The New Sound-World of Old Music

Courtesy of Handel + Haydn


“Make the music live again.” Harry Christophers, the artistic director of the Handel + Haydn Society, strives to present the music of Baroque and Classical era composers in our modern era. The Handel + Haydn Society is a period-instrument orchestra and chorus founded in Boston in 1815 and is the oldest continually performing arts organization in the US. Harry Christophers is now in his 9th season as artistic director. We talked to Mr. Christophers about his “new” approach to “old” music. We also asked him about the differences between the US and the UK in terms of classical music and about the upcoming 2018-19 season of his ensemble. Listen to the entire interview above or read ahead for a preview!

Pao: You’ve worked with orchestras which use both period instruments and modern instruments. Have you noticed any differences?

Christophers: Modern orchestras are scared stiff of Haydn because he’s difficult. And that’s not the fault of the modern orchestra, it’s the fact that they have to play repertoire of Mozart right through to Copland, Britten, Adams, Boulez, etc. so they’re having to survey a large number of styles and many eras of music. The beauty of performing on period instruments is that we’re concentrating very much on the progression, really, from the Baroque era to the Classical era. So we’re seeing the stylistic elements grow, and we’re seeing the way these instruments took shape. So instantly we’ve got a different sound world. We’re creating a sound world that Haydn was used to. And that in its own way makes the music incredibly refreshing.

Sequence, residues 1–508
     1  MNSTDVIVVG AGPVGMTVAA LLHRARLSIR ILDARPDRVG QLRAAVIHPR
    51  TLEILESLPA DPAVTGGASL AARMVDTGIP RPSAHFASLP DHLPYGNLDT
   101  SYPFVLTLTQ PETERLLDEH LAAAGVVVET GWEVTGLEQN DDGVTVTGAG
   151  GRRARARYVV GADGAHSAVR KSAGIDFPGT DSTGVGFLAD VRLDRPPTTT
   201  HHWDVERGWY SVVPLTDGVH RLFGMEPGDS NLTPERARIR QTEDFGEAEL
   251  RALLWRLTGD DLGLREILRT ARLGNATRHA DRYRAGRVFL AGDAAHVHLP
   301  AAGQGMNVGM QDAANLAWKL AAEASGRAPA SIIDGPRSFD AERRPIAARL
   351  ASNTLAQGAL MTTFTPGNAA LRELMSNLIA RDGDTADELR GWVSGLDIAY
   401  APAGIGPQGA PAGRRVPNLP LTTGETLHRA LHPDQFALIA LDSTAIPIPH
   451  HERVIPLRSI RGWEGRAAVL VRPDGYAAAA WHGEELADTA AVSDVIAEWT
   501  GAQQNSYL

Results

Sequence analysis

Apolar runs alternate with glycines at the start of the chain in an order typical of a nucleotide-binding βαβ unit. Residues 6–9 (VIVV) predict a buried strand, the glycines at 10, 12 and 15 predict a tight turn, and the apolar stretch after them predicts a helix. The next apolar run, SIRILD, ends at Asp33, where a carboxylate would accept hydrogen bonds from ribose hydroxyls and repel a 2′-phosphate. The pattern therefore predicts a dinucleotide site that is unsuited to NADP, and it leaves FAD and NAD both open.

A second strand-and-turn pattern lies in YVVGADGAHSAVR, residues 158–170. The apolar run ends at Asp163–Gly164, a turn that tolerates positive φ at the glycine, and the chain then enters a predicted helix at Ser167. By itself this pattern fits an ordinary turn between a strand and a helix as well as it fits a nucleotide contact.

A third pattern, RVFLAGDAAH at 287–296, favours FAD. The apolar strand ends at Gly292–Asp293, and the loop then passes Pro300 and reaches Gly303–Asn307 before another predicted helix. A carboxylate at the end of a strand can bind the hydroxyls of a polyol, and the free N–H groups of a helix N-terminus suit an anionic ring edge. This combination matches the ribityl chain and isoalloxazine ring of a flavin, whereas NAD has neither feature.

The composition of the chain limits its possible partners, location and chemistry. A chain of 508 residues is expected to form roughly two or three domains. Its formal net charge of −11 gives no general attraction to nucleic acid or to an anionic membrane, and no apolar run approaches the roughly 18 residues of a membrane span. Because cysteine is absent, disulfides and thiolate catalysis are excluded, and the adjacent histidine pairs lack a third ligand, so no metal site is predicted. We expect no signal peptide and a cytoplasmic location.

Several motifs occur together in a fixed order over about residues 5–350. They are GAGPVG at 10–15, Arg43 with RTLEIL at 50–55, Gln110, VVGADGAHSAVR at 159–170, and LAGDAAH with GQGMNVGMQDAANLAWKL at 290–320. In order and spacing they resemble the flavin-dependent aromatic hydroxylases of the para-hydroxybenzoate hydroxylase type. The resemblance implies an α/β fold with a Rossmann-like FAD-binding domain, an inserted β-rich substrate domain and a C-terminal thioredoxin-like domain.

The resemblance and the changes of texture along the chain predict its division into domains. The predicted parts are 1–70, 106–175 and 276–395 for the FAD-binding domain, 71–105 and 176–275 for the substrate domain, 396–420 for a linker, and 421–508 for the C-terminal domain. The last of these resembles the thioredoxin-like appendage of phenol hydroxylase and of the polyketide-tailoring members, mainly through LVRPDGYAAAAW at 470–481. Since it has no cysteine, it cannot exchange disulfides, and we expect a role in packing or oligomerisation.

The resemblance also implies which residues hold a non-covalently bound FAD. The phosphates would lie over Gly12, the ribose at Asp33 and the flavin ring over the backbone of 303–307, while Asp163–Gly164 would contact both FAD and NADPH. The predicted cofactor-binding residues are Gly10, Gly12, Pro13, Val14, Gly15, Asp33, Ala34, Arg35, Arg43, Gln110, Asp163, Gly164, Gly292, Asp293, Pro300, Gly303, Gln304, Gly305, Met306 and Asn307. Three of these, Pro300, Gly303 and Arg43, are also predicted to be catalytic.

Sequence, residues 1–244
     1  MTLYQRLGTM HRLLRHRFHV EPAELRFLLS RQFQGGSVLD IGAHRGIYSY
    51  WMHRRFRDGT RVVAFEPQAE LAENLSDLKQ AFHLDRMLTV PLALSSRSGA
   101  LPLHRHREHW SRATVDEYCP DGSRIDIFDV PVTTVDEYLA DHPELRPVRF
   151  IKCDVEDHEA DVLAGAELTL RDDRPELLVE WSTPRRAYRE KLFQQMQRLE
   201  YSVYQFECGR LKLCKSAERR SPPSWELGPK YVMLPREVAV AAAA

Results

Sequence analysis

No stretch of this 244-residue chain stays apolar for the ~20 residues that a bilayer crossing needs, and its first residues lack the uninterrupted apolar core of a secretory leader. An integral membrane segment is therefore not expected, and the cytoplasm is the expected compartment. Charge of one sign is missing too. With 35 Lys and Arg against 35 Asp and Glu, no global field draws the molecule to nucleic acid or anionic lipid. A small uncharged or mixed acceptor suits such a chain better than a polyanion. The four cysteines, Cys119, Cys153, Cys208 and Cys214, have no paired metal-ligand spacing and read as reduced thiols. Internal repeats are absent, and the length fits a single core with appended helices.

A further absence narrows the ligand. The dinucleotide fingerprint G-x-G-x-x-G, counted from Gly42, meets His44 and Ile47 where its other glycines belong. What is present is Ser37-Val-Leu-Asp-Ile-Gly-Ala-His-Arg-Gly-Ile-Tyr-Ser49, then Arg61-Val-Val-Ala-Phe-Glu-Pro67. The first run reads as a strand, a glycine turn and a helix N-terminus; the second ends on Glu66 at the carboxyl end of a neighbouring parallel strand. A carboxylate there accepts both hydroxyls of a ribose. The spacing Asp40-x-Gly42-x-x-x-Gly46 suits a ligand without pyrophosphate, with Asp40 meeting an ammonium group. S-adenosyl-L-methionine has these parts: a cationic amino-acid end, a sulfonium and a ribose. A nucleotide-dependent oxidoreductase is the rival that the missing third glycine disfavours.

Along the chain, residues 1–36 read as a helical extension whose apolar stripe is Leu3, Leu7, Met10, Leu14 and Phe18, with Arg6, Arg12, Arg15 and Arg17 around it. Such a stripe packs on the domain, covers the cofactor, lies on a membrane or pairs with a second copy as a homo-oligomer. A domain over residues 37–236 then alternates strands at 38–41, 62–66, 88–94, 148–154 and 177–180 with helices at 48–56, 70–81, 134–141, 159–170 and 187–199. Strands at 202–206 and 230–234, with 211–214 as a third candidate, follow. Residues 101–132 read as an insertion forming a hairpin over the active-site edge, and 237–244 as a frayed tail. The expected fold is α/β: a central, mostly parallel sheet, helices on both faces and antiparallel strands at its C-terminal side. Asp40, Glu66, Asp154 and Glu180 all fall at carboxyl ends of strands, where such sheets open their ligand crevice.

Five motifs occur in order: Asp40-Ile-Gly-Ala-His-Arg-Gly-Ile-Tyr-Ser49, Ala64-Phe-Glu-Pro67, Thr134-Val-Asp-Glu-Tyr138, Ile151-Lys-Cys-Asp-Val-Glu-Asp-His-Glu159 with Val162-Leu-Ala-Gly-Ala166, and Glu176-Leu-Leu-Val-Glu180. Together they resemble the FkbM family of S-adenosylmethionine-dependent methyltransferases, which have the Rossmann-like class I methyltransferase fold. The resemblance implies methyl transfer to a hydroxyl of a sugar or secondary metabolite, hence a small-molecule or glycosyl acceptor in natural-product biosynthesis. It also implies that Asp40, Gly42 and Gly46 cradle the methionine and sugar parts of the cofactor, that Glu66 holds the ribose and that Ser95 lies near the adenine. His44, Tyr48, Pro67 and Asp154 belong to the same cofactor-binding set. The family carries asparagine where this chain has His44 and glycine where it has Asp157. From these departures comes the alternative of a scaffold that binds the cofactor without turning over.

The bigger symphony orchestra today, they use quite a lot of vibrato, the tone is very very warm and lush, and that’s not to say on period instruments that you can’t achieve that. But on period instruments, we play much more in a pure-toned way so we’re hearing the harmonic content really clearly. Also, the incisiveness with which the strings play is electric. So, as I said, it’s that amazing sound world of the period instruments that really transforms the music of Haydn.

Pao: With this historical approach, have you found it that it’s sometimes difficult to determine what the composer truly wants, and if so, do you ever have to make some inferences?

Christophers: Well, yes you do. Haydn littered his score. He was almost over-methodical in putting staccato notes and putting wedges on notes all over the place. It’s quite amazing. If you take all those terms very literally, they’re all going to come out the same. But when you take a sforzando, for instance, which is a kind of accent, it has a different gesture and a different movement, so we need to make sure we adopt the mood of the symphony and we put all his markings in relation to that. I think that’s what makes it really exciting to perform, and that’s why you’ll hear different period orchestras having different interpretations of those elements.

…If you look in any encyclopedia, the first sentence will say, “Haydn is the grandfather of the symphony.” That’s a bit like saying we play on old instruments. Now that makes it sound all antique. But actually, it’s not. The instruments are fresh, they’re alive. Haydn was full of wit, drama, emotion. You take any minuet and trio, for instance, and they’re just so refreshing. He wrote hundreds of them, so he was always having to be inventive…

Pao: I’ve learned that you’ve also had the opportunity to work and study extensively in the UK. Have you noticed working on these two continents any differences in approach to baroque music, to historically informed musical performance, or to classical music in general?

Christophers: I think here in the United States, the world of period music sort of had a late start. I just take our own ensemble, Handel + Haydn Society, as an example. When it was turned into a period instrument orchestra, that was done in the 1980s by Chris Hogwood…

It’s a revolution in how people listen to period music. Everybody who comes to our concerts here find it so refreshing, so rewarding, everything sounds new, it sounds exciting.

You can hear the Handel + Haydn Society perform Purcell’s The Fairy-Queen on April 6th at 7pm or on April 8th at 3pm in Jordan Hall. For tickets and more information, you can visit their website:

Allison Pao is a radio host for WHRB Classical. You can hear her feature “The Language of Music” which explores the intersection of music and literature on Fridays, 6-7pm. This interview was produced with the help of Studio Engineer Emily Spector.